Home
|
Current Issue
|
Diary
|
Subscribe
|
Book Orders
Rising Stars
|
Selected Reviews
|
Stop Press
|
Contact & Advertising
|
Links

Selected Review


Opera

English National Opera
Nico Muhly - Marnie

ENO Marnie dancers Marnie Cast (c) Richard Hubert Smith

When mentioning the name Marnie one instantly thinks of Alfred Hitchcock, Tippi Hedren and Sean Connery, not too many people know that the novel written in 1961 by Winston Graham depicts a society in flux. The film is so strong and thought provoking that to think of an opera on the same subject would seem not only impossible but sheer madness. Well, how nice to be proved wrong! This is a work which stands on its own feet, and the music writing and the production are so good that one immediately forgets the film and concentrates solely on its main subject, Marnie.

The production by Michael Mayer is perfect, it does not refer at all to the film, it creates its own strong images. To have four extra Marnies on stage was a brilliant creation, and it gave the impression of multifaceted uncertainty, who is this Marnie really, which one is Marnie?

The staging is simply sensational, traditional but also modern, it is a nostalgic look back into 1959, with references to a male dominated society where a woman stands little chance of success unless she is ruthless, and this is what comes out so clearly in this work. Marnie is a complex character, she is a thief with a mission, through her thieving and risk taking she cleanses herself, and eventually at the end gives herself the opportunity to become a person, but be sure, she will never be a mediocre run of the mill woman, she will always be outstanding.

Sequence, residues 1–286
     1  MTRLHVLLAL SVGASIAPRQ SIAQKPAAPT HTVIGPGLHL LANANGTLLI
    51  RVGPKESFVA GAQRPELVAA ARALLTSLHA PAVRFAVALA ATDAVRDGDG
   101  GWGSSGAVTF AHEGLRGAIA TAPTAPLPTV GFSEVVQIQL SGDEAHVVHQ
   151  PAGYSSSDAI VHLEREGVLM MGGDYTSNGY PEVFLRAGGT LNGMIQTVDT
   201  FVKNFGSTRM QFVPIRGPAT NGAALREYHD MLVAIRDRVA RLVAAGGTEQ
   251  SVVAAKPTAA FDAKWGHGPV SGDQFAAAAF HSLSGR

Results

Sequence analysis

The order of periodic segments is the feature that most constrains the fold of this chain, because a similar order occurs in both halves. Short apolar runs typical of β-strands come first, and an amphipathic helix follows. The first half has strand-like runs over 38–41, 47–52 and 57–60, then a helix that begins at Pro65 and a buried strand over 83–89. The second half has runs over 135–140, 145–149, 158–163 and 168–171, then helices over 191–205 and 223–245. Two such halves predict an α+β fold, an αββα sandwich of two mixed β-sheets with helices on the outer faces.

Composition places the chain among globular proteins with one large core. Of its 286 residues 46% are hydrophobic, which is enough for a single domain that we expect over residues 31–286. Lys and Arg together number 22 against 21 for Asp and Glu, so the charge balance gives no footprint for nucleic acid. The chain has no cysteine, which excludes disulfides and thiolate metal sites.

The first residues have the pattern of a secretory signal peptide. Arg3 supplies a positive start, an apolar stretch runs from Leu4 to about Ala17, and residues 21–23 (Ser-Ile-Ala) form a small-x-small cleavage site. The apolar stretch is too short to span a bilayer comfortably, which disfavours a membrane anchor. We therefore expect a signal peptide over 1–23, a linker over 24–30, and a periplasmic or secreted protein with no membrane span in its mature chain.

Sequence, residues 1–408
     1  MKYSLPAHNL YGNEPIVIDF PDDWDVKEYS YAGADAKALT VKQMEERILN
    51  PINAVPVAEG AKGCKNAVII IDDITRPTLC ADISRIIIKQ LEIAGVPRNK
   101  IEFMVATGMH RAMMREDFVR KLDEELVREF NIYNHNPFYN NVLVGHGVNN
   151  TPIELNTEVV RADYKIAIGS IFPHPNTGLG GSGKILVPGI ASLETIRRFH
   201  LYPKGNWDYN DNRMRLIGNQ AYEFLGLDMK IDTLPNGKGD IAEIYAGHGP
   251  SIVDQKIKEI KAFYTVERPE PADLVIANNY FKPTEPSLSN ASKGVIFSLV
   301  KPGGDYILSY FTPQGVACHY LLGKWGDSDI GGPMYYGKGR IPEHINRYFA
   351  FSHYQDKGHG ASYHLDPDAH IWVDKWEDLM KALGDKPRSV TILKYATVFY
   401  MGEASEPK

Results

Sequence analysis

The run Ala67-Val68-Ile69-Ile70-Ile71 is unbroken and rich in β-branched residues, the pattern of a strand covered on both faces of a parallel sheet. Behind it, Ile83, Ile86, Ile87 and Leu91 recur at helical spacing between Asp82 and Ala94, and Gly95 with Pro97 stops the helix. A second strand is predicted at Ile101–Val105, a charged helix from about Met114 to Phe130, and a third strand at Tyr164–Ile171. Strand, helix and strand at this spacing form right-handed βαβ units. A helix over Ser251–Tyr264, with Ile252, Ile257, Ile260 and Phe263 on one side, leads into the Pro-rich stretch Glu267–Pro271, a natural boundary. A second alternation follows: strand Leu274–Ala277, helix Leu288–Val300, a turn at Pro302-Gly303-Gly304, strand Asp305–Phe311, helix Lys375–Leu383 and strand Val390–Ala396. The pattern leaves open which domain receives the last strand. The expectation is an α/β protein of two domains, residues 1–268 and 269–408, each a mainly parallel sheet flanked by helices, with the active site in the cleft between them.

Nico Muhly's music is clearly also multifaceted, its influences are many and all recognisable, but they are influences not the main subject. His musical language is approachable, attractive and modern, not particularly challenging to the ear, but does modern music have to be? This is a fascinating partnership of stage and music, and if there is a small criticism is the vocal writing which seems to lie in the middle of the voices, never comprising a full two octaves. It is not a big problem, and perhaps on a second hearing one would understand why this is so? Be that is it may, the vocal writing gives a claustrophobic sense, of people who are boxed in in a society which is not right but it is self righteous.

In this operatic mountain one needs singing and acting which have to be first class, and this was the case. From an attractive, but astonishingly also non memorable Marnie presented and sang to perfection by Sasha Cooke, she could just as well be transparent at times as nobody noticed her; to the James Stewart look alike Rutland of Daniel Okulitch, a lanky, serious, thoughtful character who is also trapped. And what a bright idea to have Rutland's brother, Terry sang by a countertenor. James Laing was the perfect characterisation. And remember these are all people with failures, but Terry has more than one face in this work and this is discovered at the end when he helps Marnie and he is, perhaps, the only one who understands her. One cameo stood up very well, Lesley Garrett is always a strong actress and her mere presence gave Mrs Rutland weight. Garrett was all the things one would expect from a rich woman in the late 1950's, strong, coquettish, dominant and decided. In fact the opposite of Marnie. Alasdair Elliott was the furious and vengeful Mr Strutt and Eleanor Dennis and Matthew Durkan the ambitious Mrs and Mr Fleet. On November 26, Martyn Brabbins gave his customary care and musical wisdom to make Muhly's score shine and surprise at every turn. With such a strong show, one left the theatre asking why is it that the Arts Council keep bashing this company?

Eduardo Benarroch

Photo courtesy and © Richard Hubert Smith

Return to top of page



Home
|
Current Issue
|
Diary
|
Subscribe
|
Book Orders
Rising Stars
|
Selected Reviews
|
Stop Press
|
Contact & Advertising
|
Links